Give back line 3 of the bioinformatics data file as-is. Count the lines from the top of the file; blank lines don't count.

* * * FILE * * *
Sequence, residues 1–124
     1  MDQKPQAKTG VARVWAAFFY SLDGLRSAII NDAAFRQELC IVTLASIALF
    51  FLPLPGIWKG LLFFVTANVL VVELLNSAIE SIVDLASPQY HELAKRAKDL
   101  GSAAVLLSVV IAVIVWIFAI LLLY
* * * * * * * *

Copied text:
    51  FLPLPGIWKG LLFFVTANVL VVELLNSAIE SIVDLASPQY HELAKRAKDL